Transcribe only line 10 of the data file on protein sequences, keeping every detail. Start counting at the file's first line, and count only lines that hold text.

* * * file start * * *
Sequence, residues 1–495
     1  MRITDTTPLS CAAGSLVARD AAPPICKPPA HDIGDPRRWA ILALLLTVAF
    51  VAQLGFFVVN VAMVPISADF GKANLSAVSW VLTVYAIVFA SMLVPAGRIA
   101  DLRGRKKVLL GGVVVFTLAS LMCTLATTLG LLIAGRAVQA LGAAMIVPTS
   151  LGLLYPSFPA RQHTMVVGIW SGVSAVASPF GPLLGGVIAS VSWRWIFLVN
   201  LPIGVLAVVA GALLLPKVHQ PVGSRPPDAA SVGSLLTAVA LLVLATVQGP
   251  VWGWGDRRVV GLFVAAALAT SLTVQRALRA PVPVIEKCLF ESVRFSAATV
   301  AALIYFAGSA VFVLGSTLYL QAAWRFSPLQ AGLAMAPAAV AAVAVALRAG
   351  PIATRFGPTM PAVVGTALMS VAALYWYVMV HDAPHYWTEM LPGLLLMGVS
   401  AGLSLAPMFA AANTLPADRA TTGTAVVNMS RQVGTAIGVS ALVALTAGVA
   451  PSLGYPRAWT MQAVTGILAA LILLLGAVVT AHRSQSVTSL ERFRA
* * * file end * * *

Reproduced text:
   401  AGLSLAPMFA AANTLPADRA TTGTAVVNMS RQVGTAIGVS ALVALTAGVA